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Rebidding reycling

Do-over!

Mayor Sylvester Turner

Pummeled by procurement concerns on a 20-year curbside recycling contract, Mayor Sylvester Turner said Friday he will seek a new round of proposals from the four final bidders.

Turner had met with small groups of City Council members Thursday to get a better sense of the concerns they repeatedly have raised since the proposal first was rolled out in late June, and announced his decision early Friday.

“This action is designed to put to rest the concerns raised by members of council, which must approve the contract before it takes effect,” Turner said. “Whatever the result, my only allegiance is to this city and I will always seek what is in its best interest.”

[…]

The four firms that will be invited to submit a new round of final bids are FCC Environmental, Republic Services, Waste Management and Independent Texas Recyclers.

The mayor did not specify how much time the firms would have to submit their proposals or how quickly they would be evaluated.

See here and here for the background, and here for the Mayor’s statement. I don’t know what went wrong in this process, but clearly something had gone off the rails. I’m glad to see this happen, but let’s do review how we got here and figure out how to do it better next time, OK?

Meanwhile, Gray Matters returns to the One Bin For All question with a few words from Roseanne Barone, the Houston Program Director for Texas Campaign for the Environment.

The national Paper Recycling Coalition, Steel Recycling Institute, Institute for Scrap Recycling Industries and others knew that when used materials, food and pet waste are all combined together, it is also known as another name — “trash” — and so they wrote letters to then-Mayor Annise Parker advising her against this policy.

Thankfully, when Mayor Turner took office in 2016, he knew the best practice for Houston is to keep recyclable materials separate and clean so they can be sold to commodity markets and generate revenue for the City.

[…]

According to the Houston-Galveston Area Council, when we include composters, hard-plastics reclaimers, electronics processors, construction- and demolition-debris recyclers and manufacturers of goods made from recycled items, we have 21,550 recycling jobs in our region and an industrial output of $4.5 billion per year.

Who knew recycling was so vital for Houston’s economy? Additionally, throwing all discards into landfills supports a disposable, wasteful culture while doing real damage to our environment. There are 56 leaking landfills in the state of Texas, four in Harris County and one in Fort Bend County. Landfills are also more often than not located in low-income neighborhoods, so trashing valuable materials also perpetuates environmental injustice.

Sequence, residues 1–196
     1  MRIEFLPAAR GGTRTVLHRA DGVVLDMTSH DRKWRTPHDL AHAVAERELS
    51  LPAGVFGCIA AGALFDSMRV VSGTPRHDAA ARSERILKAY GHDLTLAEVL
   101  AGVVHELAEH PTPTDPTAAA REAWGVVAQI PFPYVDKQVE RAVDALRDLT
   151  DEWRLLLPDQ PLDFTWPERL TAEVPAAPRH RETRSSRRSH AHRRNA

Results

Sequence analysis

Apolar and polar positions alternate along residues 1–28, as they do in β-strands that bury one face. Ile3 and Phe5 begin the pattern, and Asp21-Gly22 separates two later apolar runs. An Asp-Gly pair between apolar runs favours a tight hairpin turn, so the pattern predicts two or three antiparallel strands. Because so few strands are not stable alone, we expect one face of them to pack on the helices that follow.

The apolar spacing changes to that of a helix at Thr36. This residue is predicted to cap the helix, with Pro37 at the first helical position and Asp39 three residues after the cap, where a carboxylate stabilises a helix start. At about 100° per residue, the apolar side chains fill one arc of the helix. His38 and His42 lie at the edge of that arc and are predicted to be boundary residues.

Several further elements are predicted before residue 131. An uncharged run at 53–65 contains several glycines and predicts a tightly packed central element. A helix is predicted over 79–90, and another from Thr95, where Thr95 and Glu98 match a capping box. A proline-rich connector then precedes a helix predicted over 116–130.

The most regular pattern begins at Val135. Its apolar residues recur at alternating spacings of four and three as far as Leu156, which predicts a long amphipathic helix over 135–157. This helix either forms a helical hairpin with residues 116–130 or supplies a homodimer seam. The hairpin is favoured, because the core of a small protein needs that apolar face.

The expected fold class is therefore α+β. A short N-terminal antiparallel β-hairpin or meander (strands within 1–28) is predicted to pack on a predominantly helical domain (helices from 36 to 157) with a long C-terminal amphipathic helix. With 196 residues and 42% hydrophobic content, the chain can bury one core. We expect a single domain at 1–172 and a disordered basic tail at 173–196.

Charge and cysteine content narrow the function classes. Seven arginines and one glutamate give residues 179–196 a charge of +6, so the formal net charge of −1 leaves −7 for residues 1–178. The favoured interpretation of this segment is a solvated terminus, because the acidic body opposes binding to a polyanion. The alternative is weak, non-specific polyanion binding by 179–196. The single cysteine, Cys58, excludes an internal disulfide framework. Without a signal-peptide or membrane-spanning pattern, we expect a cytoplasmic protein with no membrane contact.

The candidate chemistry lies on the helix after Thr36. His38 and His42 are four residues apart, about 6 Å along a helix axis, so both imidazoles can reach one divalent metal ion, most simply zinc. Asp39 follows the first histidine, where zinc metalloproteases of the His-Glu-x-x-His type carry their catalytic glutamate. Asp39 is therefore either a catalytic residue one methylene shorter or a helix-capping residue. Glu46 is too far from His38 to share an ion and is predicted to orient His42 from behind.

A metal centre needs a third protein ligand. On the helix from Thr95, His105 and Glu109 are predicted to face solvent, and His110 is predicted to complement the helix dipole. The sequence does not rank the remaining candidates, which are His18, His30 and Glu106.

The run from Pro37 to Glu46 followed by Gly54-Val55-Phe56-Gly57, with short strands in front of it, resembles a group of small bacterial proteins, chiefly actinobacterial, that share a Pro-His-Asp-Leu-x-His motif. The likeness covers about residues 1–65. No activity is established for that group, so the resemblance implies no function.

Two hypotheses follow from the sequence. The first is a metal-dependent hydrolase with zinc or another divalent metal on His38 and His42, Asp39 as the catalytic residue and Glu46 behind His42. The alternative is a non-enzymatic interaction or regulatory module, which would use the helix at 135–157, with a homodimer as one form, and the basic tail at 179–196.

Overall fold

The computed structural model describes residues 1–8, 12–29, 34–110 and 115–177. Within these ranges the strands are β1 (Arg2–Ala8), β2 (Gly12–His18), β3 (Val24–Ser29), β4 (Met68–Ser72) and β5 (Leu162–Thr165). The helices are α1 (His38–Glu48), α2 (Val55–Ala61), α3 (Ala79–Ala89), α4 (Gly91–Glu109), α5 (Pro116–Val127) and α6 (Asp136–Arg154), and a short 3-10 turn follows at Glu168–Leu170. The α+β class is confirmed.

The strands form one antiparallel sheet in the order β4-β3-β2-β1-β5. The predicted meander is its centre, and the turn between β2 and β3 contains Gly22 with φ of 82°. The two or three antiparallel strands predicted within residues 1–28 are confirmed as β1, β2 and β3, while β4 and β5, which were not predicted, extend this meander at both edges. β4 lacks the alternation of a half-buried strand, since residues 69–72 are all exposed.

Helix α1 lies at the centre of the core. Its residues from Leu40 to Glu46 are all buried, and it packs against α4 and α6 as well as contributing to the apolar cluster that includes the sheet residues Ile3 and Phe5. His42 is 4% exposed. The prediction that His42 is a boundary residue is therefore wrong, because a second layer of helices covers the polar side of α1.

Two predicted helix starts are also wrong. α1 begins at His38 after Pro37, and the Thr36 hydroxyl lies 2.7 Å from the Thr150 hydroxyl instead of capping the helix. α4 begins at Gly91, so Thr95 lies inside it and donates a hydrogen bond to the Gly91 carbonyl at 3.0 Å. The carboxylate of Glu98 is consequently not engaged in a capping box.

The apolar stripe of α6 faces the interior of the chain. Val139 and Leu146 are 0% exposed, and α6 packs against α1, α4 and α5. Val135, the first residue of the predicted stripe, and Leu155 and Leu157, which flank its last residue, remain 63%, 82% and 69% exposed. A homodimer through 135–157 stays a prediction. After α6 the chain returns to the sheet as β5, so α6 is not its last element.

Barone, like her predecessor Melanie Scruggs, advocates for a zero waste policy. At the very least, bringing curbside recycling to apartments and businesses would make a difference. Let’s get the recycling deal done and go from there. The Press has more.

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2 Comments

  1. Bill Daniels says:

    “At the very least, bringing curbside recycling to apartments and businesses would make a difference.”

    Very astute observation, Kuff, and something no one talks about. How many apartment units are there in Houston? How many businesses? That’s a lot of recyclables not getting into the recycling stream.

    The other problem your article mentioned is cultural, and thus verboten from discussing:

    “Recycling Industries and others knew that when used materials, food and pet waste are all combined together, it is also known as another name — “trash”….”

    Look at all the illegal dumping and trash in Houston, much more concentrated in some areas. The people who do this, who force their communities to live in filth aren’t going to participate in recycling, and if you are really lucky, they will just use recycling containers and dumpsters as regular trash receptacles, which ruins the load for recycling, but at least keeps the streets and ditches clear.

  2. Bill Daniels says:

    As to the contract itself, I’m guessing that the Spanish company wouldn’t be willing to take the risk of building an entire new infrastructure from scratch without a long term (15-20 year guarantee), while the other players who bid probably already have at least some of the infrastructure in place, so they were happy to bid on a shorter term contract.

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